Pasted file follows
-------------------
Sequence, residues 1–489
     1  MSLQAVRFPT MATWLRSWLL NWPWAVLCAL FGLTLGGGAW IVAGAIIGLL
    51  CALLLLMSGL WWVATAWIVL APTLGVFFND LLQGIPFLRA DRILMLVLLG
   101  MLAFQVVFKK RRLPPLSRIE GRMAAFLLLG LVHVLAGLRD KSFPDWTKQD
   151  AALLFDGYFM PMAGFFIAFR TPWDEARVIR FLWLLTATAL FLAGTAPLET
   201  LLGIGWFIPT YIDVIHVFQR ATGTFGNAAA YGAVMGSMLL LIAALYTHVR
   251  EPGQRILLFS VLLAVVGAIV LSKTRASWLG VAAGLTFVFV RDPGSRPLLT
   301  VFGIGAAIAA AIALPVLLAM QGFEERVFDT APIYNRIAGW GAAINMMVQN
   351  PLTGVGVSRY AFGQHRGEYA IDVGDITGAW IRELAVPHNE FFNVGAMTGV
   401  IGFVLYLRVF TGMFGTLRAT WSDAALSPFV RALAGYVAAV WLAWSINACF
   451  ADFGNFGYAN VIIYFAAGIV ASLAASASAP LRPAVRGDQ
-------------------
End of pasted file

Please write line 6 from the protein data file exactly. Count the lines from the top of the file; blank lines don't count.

   201  LLGIGWFIPT YIDVIHVFQR ATGTFGNAAA YGAVMGSMLL LIAALYTHVR